Meanwhile, renewed speculation over U.S. intentions toward Iraq rose sharply here this week amid preparations for Vice President Dick Cheney's upcoming tour of U.S. allies in the Middle East, the Gulf, and Turkey.

In order to persuade the region's nervous leaders of the seriousness and long-term nature of Washington's commitment, the betting here is that Cheney will pledge as many as 250,000 U.S. ground troops, as well as its formidable firepower, to ousting President Saddam Hussein and preventing civil war or the break-up of Iraq in the aftermath.

"I only just learned five months ago that there were Uzbeks, Tajiks, and Pashtuns in Afghanistan," one Congressional aide who works on foreign policy issues told IPS.

"I hadn't given a moment's thought to Georgia in the past year, and now I find out that we're sending 200 military advisers to some place called the Pankisi Gorge, right on the border with Chechnya!"

All of this came within a breathless ten days during which the administration's global military commitments seemed to increase by the hour.

They came on top of several months of an intense military campaign in Afghanistan during which Washington established access to military bases throughout Central Asia and even began building what appears intended as a permanent base of its own near Bishkek in Kyrgyzstan.

"We need a debate in this country, because there's a real possibility (that) we're really overplaying our hands," Ivo Daalder, an analyst at the Brookings Institution and formerly with the National Security Council under President Bill Clinton, told the Los Angeles Times this week.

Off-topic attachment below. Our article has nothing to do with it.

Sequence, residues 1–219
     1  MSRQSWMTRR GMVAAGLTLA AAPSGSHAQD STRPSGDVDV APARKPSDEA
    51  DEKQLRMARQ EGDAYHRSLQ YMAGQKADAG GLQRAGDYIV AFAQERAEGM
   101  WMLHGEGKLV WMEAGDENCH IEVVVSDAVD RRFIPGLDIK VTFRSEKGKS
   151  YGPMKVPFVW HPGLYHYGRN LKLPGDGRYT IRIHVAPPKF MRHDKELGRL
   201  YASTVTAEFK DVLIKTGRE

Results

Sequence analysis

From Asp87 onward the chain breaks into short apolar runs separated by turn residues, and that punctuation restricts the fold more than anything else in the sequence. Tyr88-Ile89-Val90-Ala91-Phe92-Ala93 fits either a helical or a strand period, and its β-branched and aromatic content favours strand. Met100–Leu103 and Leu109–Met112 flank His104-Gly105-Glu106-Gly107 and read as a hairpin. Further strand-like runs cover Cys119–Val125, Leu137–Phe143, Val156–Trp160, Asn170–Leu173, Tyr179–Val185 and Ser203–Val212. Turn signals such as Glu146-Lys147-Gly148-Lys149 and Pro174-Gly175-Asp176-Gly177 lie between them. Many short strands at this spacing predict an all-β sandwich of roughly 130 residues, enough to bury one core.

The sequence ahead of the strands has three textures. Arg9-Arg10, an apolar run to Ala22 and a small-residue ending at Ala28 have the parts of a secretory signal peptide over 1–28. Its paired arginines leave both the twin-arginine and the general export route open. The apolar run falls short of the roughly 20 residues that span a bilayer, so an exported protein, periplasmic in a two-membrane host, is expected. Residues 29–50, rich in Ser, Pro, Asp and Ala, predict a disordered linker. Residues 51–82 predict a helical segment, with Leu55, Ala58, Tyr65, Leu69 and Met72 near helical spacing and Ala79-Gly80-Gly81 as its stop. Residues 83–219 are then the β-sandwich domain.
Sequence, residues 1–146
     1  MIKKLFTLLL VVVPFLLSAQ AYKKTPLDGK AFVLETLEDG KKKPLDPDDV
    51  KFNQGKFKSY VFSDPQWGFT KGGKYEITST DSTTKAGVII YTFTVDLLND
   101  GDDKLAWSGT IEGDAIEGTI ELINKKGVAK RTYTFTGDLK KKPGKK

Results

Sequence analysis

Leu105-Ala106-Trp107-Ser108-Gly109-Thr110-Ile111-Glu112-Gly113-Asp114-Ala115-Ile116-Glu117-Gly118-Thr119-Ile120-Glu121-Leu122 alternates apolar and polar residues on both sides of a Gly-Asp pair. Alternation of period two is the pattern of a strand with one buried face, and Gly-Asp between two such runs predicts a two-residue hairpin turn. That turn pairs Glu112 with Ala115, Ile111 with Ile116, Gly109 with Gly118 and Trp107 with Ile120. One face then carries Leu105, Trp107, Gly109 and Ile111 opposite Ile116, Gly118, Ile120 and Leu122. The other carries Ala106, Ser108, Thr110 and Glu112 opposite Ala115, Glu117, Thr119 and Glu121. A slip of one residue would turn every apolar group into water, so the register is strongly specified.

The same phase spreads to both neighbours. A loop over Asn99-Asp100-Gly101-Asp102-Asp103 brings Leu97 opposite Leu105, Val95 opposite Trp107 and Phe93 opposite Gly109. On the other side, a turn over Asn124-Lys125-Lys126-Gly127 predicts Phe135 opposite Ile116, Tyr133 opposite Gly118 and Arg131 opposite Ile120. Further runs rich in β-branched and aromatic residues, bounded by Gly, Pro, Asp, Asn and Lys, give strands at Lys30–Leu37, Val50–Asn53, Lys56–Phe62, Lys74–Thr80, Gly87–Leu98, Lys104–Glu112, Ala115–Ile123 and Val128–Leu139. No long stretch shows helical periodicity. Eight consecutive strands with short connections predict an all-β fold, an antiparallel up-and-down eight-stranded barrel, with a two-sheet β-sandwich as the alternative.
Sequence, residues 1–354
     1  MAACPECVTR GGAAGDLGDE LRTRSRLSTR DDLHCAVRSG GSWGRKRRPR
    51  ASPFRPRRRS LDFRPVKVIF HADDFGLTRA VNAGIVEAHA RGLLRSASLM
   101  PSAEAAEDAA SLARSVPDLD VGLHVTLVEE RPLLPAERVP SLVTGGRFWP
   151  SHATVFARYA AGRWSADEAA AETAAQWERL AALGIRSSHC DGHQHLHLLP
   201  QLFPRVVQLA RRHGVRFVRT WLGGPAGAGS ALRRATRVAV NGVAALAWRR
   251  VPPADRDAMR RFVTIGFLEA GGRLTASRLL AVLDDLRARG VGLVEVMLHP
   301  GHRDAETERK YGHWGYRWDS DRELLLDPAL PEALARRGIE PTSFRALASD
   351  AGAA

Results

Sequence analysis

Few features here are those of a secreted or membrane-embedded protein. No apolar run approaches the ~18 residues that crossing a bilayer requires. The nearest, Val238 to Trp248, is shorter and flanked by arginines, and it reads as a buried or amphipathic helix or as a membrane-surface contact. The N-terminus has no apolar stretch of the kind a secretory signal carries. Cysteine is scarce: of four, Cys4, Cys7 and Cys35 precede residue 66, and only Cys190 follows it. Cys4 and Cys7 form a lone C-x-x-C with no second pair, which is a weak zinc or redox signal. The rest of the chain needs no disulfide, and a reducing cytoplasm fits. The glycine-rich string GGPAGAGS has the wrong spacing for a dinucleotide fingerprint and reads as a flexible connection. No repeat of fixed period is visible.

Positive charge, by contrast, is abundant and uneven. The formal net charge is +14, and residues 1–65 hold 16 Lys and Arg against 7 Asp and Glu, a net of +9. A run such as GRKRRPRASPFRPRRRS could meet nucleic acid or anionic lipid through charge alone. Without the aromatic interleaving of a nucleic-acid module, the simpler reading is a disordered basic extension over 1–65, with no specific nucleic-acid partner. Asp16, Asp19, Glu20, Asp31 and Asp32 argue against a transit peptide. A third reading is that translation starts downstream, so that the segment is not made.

The precipitous manner in which all of these new commitments have been made appears to violate virtually every tenet of the basic creed that Republicans have urged on presidents since the U.S. military misadventures Vietnam, Lebanon in the 1980s, and Somalia in 1992-93.

Legislation passed by the Republican-dominated Congress in the mid-1990s, and seemingly endorsed by Bush during his election campaign, called for presidents to deploy U.S. forces only when a vital national interest was at stake, the objectives were clear and achievable, and there was an identifiable "exit strategy" which would permit Washington to withdraw its forces at little cost in U.S. blood, treasure, or pride.

But in Bush's "war against terrorism," all of that accumulated wisdom appears to have been cast aside. As Byrd put it Wednesday, "we seem to be good at developing entrance strategies, not so good at developing exit strategies."

Even Secretary of State and former Chairman of the Joint Chiefs of Staff Colin Powell, who, as much as any single military man, has been identified with the argument that clear and achievable aims and exit strategies are the indispensable pre-conditions for deploying U.S. military forces abroad, seems to have surrendered his long-held views to the current war.

Asked to define victory in the war, Powell told Congress last month that "it can be identified by reaching a state where people are no longer afraid of terrorist activities, where they can go about their lives not concerned about the kinds of things that happened on the 11th of September or the kinds of car bombings that take place in Jerusalem or the kinds of terrorism that (are) meted out by (left-wing guerrillas) in Colombia."

"It will take us a long time to reach that state," he noted.

Jim Lobe writes on international affairs for Inter Press Service,, and Foreign Policy in Focus.